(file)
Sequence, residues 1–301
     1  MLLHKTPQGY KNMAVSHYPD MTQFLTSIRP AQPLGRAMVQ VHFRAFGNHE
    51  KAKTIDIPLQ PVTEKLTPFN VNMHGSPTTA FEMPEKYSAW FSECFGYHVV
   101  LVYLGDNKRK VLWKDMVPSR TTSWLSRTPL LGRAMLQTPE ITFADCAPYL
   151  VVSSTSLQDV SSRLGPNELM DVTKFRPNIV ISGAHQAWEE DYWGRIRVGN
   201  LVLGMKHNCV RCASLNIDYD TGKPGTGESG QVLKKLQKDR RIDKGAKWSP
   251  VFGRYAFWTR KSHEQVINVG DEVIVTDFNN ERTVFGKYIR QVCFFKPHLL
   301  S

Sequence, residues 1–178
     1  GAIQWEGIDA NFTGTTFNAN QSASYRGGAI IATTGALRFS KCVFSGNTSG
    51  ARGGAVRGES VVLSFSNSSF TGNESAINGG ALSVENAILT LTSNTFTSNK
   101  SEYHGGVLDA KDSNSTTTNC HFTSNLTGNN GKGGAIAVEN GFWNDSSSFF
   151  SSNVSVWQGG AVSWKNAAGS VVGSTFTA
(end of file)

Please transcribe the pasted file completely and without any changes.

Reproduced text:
Sequence, residues 1–301
     1  MLLHKTPQGY KNMAVSHYPD MTQFLTSIRP AQPLGRAMVQ VHFRAFGNHE
    51  KAKTIDIPLQ PVTEKLTPFN VNMHGSPTTA FEMPEKYSAW FSECFGYHVV
   101  LVYLGDNKRK VLWKDMVPSR TTSWLSRTPL LGRAMLQTPE ITFADCAPYL
   151  VVSSTSLQDV SSRLGPNELM DVTKFRPNIV ISGAHQAWEE DYWGRIRVGN
   201  LVLGMKHNCV RCASLNIDYD TGKPGTGESG QVLKKLQKDR RIDKGAKWSP
   251  VFGRYAFWTR KSHEQVINVG DEVIVTDFNN ERTVFGKYIR QVCFFKPHLL
   301  S

Sequence, residues 1–178
     1  GAIQWEGIDA NFTGTTFNAN QSASYRGGAI IATTGALRFS KCVFSGNTSG
    51  ARGGAVRGES VVLSFSNSSF TGNESAINGG ALSVENAILT LTSNTFTSNK
   101  SEYHGGVLDA KDSNSTTTNC HFTSNLTGNN GKGGAIAVEN GFWNDSSSFF
   151  SSNVSVWQGG AVSWKNAAGS VVGSTFTA